Aloe Barbadensis Juice, Panthenol (Pro-Vitamin B5), Tocopherol (Vitamin E), Lauric Acid, Fruit Stem Cells (Malus Domestica, Solar Vitis) and BioActive 8 Berry Complex, Magnesium Ascorbyl Phosphate (Vitamin C), Citrus Clementina (Clementine) and Cucumis Melo (Melon) Extracts, Glycolic Acid, Aspalathus Linearis (Rooibos), Hibiscus Rosa-Sinensis and Camellia Sinensis (White Tea) Extracts, Phenethyl Alcohol, Ethylhexylglycerin, Citrus Tangerina (Tangerine) and Cymbopogon Martini (Palmarosa) Oils
Strengths: Good options for well-formulated facial moisturizers and serums; many products contain multiple antioxidants; a few good toners; (mostly) refreshingly free of hyperbole that is common with many “natural-themed” brands; reasonably priced products; multiple broad-spectrum sunscreen options.
Weaknesses: A few moisturizers packaged in jars; some products contain potentially problematic amounts of fragrance ingredients; lacks research-proven treatments for acne; the body-care products tend to be overly fragrant; claims about plant stem cells are over the top as they don’t renew or generate human cells of any kind.
Andalou Naturals is a rare presence in the saturated market of natural-themed cosmetics lines because the brand manages to keep the focus on their products and ingredients without resorting to the silly “scary chemical” and fear-mongering marketing approach common to so many other natural lines.
Just as impressive as their marketing are many of their formulas, several of which include many antioxidants and multiple skin-repairing ingredients, and aren’t laden with natural fragrance ingredients, which may please your nose but can be very irritating to the skin, even if you don’t see or feel the damage taking place.
Headquartered in Petaluma, California, Andalou Naturals was founded by husband and wife Mark and Stacey Egide—both of whom also created the Avalon Organics line. The duo sold Avalon Organics in 2002, and started Andalou Naturals in 2011, where it’s sold at health food stores and online.
Visit their site and you’ll quickly find the brand is focused on the “feel-good” approach to skin care. Andalou Naturals brand philosophy is heavily steeped in philanthropy: Their “A Force of Nature” fund regularly donates to various nonprofit groups, and every order you place on their site adds $1 to this fund. How wonderful!
Andalou Naturals offers an extensive line of face-, body-, and hair-care products, themed around what they call, “Fruit Stem Cell Science,” which includes extracts from apple, grape, and argan. While these types of ingredients have antioxidant benefit, the idea that they work like your stem cells to turn back time isn’t supported by published research of any kind.
Stem cells work only if they are alive, and in a skin-care product, they are long dead. Not to mention that even if stem cells could survive the skin-care formulation process, an apple stem cell is helpful only to an apple—your skin cells wouldn’t have the first clue how to use stem cells from a plant. Stem-cell research is still in its infancy—science is just beginning to understand how stem cells work and/or how they can actually benefit our health; the cosmetics industry isn’t beating the medical industry in this regard!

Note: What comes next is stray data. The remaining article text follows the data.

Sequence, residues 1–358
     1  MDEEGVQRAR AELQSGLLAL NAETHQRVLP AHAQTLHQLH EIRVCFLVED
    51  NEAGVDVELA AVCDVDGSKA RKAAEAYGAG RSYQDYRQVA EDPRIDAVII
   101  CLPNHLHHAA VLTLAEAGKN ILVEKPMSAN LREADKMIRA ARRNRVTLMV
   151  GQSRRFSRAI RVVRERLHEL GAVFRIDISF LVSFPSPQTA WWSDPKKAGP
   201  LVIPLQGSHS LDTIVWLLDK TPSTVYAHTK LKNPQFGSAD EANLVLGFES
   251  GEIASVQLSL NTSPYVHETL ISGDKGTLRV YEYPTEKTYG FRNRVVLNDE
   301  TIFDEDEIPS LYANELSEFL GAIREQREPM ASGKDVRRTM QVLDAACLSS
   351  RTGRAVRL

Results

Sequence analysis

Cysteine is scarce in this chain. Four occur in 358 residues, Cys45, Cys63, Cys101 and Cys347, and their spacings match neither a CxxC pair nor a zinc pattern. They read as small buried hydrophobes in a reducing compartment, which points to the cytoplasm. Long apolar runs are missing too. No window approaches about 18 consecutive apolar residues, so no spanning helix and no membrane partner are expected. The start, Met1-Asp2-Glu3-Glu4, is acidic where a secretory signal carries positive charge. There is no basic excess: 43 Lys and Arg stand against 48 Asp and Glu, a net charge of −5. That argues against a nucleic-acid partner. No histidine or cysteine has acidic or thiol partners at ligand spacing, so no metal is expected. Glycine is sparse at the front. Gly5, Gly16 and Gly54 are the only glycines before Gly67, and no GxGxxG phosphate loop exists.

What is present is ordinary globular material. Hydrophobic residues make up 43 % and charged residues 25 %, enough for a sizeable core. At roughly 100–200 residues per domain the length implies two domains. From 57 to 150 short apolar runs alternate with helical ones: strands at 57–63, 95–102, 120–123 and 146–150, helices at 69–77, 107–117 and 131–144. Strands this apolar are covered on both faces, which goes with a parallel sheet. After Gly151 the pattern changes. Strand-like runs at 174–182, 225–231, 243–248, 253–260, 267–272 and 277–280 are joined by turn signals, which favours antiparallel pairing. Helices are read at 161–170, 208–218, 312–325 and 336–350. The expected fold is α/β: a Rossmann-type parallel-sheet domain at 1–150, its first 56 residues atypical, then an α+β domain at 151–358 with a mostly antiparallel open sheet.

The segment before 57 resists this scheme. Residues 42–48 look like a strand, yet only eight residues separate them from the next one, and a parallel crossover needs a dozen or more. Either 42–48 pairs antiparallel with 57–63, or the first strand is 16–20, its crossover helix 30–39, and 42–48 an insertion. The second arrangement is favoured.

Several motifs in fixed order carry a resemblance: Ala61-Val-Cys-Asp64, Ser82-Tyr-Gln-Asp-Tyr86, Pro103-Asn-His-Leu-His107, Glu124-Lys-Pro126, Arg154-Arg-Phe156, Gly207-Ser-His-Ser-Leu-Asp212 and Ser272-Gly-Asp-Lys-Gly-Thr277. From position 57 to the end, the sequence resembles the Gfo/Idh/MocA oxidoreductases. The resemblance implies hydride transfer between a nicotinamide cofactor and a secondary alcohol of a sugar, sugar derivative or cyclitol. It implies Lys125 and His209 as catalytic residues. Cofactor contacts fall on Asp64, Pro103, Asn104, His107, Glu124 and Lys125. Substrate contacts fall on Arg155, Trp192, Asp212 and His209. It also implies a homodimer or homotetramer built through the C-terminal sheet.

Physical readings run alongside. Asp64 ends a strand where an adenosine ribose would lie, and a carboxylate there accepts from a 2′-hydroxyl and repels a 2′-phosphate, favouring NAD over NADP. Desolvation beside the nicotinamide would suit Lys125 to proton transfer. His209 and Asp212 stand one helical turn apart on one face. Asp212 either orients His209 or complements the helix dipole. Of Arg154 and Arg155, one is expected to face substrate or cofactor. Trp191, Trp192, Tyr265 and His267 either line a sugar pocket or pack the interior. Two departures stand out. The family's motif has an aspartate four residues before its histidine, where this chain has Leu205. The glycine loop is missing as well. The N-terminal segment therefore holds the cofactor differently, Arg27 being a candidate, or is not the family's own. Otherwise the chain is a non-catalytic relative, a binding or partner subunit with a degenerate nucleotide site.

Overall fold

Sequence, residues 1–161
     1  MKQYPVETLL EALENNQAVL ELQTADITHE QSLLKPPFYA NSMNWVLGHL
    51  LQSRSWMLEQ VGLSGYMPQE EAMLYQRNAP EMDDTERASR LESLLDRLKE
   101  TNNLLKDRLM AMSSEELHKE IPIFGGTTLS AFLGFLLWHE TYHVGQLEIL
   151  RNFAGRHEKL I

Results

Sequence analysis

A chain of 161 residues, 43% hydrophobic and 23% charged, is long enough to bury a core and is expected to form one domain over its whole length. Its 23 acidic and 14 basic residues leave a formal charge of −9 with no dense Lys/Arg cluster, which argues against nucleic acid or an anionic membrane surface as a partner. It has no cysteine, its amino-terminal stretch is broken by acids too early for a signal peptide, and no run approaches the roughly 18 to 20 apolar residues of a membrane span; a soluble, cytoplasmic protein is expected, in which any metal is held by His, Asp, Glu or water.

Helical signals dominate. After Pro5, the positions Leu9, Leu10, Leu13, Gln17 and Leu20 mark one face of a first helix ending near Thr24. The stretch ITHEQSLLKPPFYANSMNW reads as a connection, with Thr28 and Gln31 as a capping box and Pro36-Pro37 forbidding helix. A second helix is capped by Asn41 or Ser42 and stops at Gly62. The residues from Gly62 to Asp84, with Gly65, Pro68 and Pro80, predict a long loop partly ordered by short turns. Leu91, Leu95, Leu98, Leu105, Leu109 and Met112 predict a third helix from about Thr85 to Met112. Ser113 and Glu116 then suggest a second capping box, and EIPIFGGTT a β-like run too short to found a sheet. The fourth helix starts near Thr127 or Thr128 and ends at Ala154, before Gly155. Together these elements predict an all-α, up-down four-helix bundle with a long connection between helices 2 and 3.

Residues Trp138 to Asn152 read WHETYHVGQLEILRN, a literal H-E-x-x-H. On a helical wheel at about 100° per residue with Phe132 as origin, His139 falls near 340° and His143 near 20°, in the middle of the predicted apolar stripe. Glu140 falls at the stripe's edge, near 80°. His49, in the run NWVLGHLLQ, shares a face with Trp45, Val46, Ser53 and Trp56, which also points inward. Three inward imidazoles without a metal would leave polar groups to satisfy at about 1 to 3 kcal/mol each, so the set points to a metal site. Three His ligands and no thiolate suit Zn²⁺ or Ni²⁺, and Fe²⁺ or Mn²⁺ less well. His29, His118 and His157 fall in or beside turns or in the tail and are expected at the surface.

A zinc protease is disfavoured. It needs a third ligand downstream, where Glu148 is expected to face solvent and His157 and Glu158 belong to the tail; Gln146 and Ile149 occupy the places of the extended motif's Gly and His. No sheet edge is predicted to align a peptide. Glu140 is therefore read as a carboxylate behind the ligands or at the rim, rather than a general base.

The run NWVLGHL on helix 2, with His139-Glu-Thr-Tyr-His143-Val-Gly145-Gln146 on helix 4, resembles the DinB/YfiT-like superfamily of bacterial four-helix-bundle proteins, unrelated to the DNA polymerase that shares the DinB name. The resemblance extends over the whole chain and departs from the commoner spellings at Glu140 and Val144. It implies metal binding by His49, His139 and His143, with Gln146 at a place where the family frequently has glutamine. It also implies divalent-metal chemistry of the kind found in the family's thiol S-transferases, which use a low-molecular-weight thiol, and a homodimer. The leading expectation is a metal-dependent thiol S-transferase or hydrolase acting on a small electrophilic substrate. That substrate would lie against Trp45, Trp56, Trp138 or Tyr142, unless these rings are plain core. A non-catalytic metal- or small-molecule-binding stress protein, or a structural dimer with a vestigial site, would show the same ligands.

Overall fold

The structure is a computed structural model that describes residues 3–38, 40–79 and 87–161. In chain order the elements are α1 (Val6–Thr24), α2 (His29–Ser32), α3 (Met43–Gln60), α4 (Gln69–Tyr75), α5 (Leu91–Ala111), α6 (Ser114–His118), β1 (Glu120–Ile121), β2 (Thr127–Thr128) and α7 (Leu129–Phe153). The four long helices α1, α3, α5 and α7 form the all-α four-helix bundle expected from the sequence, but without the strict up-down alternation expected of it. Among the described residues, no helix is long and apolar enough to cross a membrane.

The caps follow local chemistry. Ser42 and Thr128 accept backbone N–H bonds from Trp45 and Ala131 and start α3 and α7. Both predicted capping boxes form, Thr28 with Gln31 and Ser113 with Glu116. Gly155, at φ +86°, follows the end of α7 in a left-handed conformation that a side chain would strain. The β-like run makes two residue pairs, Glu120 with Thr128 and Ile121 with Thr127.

The company also includes what they refer to as “BioActive 8 Berry Complex” in many of their products. This is really a blanket name for a mix of non-fragrant berry juice extracts (acai, aronia, bearberry, bilberry, black elderberry, goji berry, rosehips berry, and sea buckthorn berry). All of these ingredients have antioxidant function on the skin, but, again, they aren’t miracle ingredients by any stretch, nor is Andalou Naturals the only line using them.
We should note that Andalou Naturals, at the time of this review, doesn’t list all of the ingredients in their “BioActive 8 Berry Complex” on their product labels. While the individual berry extracts mentioned above are listed on their website as part of their marketing messaging, they omit them on their products, which violates International Nomenclature of Cosmetic Ingredients (INCI) and FDA labeling regulatory requirements. This is an important oversight, because you have the right to know all of the ingredients in your skin-care products, without having to jump through extra hoops. We hope the company rectifies this in the near future.
On a more positive note, we found that many of the skin-care products Andalou Naturals offers were good—mostly for normal to dry skin, although there also are a few winners for those with oily to combination skin. Many contain some amount of fragrance (but to their credit, the facial formulas that did contain fragrance mostly had only a minimum amount, which is not typical of natural-themed lines).
We were especially impressed that they avoided the boring or basic formulas so common among natural skin-care brands. Several of their products contain the types of beneficial ingredients that have plenty of published research to back up their claims. What a great change of pace!
The missteps were the few instances of jar packaging (which marred what would’ve otherwise been well-rated products) that expose delicate ingredients to air and light, as well as their body-care formulas, which tended to include higher amounts of fragrance.
For more information, call (888) 898-6955, or visit www.andalou.com.